The other day, a friend asked where I was and when I told them they said, "Oh, that's good, there's lots of shops there." It's more that there were lots of shops there, I pointed out. Since the quakes, the fruit-and-vege shop, the two bakeries, and the supermarket (among others) are all deaded, which as far as the necessities of life go leaves the butcher, the petrol station, and a 2nd hand bookshop. I can shop at a mall on the way home instead, but.... But as I stay longer I notice there's more than I thought, because one of the bakeries is operating out of a shipping container, and the fruit-and-vege place is operating out of a tent.

Walking down the road from the motel towards my busstop in the morning, I can see straight down to a demolition crane in the CBD. I have feelings about this but they're fairly vague and unformed. They're oddly different from the feelings I feel on my normal bus route where I see the crane pulling apart the Catholic Cathedral and the crane taking the top off the Hotel Grand Chancellor and various bulldozers painting the town pink with brickdust. I think it's because it takes time for the bus to get me that far, but here I leave my motel at 7:15 in the morning and there it is.

I seem to have started writing my When the Sky Fell story again. May or may not get much further this time around, though today I reached the Ode to the Radio scene which I've never got to before. It aches to write, and there came a point this evening doing research where I had to stop reading mid-sentence. Someone was talking about the "glassy, shell-shocked look" people had after February and. I remember that, when I was walking along Bealey Ave on the 25th February; I mentioned it in a blogpost at the time, but. Words just don't. It's like looking into a black hole where a person should be.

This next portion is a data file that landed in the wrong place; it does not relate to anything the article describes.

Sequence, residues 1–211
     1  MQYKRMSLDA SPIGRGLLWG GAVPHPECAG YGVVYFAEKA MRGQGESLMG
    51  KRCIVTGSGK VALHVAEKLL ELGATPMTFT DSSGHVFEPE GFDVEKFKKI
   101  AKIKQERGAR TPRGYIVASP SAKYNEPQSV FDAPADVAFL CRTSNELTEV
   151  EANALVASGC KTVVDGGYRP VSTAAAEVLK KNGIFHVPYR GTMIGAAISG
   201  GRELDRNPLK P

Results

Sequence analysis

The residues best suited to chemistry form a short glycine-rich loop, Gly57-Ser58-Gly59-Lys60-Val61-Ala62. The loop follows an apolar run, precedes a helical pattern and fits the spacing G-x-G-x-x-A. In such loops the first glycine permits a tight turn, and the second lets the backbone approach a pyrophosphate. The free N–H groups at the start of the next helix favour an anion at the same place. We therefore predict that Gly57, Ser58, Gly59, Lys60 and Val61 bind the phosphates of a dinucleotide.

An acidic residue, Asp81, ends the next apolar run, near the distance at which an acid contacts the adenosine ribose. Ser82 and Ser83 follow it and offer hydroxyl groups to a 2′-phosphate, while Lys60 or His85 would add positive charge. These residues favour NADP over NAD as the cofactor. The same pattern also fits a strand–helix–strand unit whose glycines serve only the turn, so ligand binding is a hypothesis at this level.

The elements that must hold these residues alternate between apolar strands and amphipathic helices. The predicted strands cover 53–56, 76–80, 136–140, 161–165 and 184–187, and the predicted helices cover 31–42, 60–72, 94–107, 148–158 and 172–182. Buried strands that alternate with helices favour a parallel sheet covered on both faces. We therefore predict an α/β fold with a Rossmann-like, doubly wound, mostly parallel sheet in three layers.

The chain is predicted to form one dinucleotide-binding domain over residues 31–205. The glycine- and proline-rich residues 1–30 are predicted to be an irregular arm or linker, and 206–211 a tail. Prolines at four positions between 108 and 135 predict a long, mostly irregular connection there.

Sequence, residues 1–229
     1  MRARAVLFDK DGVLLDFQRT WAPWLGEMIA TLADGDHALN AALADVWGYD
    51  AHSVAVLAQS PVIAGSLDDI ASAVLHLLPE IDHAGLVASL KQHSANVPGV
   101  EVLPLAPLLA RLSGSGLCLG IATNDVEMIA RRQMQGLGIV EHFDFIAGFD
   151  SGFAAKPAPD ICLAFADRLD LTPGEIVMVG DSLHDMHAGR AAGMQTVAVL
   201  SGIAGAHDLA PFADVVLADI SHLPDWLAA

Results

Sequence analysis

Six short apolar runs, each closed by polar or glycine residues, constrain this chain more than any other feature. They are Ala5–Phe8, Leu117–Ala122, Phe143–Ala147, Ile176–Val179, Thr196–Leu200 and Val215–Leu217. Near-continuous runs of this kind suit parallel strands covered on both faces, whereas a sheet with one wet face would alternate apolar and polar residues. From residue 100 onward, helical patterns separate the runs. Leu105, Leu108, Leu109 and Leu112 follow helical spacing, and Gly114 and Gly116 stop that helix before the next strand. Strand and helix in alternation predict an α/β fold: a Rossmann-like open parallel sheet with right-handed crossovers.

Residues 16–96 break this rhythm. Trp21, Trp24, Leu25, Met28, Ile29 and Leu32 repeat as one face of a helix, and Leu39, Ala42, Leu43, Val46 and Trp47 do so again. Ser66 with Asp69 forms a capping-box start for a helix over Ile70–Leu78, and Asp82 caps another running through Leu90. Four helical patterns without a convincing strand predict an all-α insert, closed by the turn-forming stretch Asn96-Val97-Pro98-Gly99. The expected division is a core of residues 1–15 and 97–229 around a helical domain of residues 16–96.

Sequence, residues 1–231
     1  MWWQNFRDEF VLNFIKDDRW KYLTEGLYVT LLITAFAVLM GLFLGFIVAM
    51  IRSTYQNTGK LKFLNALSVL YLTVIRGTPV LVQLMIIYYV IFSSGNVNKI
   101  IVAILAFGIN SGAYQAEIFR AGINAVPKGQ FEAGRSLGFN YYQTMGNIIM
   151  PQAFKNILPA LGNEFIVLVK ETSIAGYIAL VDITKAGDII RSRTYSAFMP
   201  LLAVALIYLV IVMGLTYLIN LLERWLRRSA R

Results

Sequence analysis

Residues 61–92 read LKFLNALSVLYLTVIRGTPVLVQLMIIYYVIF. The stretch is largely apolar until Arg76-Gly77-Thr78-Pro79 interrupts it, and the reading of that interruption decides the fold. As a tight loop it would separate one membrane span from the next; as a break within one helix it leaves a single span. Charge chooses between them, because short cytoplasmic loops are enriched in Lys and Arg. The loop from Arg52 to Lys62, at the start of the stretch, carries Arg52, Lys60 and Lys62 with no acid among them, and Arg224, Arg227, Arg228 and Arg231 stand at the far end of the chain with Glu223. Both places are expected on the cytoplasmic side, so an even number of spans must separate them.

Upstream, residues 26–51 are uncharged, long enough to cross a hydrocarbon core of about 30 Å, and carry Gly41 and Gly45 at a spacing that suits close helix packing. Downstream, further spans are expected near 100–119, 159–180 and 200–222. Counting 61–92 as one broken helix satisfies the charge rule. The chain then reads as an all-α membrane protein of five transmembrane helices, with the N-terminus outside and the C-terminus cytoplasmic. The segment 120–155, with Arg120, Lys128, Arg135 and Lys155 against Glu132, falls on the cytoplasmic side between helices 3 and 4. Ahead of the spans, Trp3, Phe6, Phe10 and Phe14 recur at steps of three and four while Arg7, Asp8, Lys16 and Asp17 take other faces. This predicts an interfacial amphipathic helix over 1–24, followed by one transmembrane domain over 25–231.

--However, the other thing that happened on the 25th February was my friends' son was born, and yesterday when I went to visit (as I do most weeks) he crawled! Towards me! Seeing him once a week is fantastic, I get to skip the nappies and most of the teething and "I'm hungry but won't eat, tired but won't sleep" screaming fits, while still getting all the fun of playing with him and the excitement of watching him grow up. I heartily recommend being an honorary auntie.
zeborah: Map of New Zealand with a zebra salient (New Zealand zebra)
I do feel for those with no heating or indoor plumbing (portaloos in this weather, eek!) but it is quite lovely to have a snowday myself and be able to spend it with friends (who I stayed last night with, and would have gone to work with) and their baby and young cats. (In fact I'm basically snowed in with them, since public transport is stopped until further notice.)

The cats have been playing in the snow with adorable enthusiasm, running in it, pouncing on it, hiding in it, batting it around. The baby has been watching it fall with wide eyes, the way he likes watching screensavers or the flames in their woodburner. And we had a snowfight and made a snowman and my friend made a snow angel. And then we came inside and shook the snow off (I had to comb out my hair again) and had hot chocolate in front of the fire.

Typing from my friend's laptop, having left mine of the dodgy battery at home. Shame I can't see how my own cat is dealing with the cold stuff, but this is lovely company to be spending such a day with.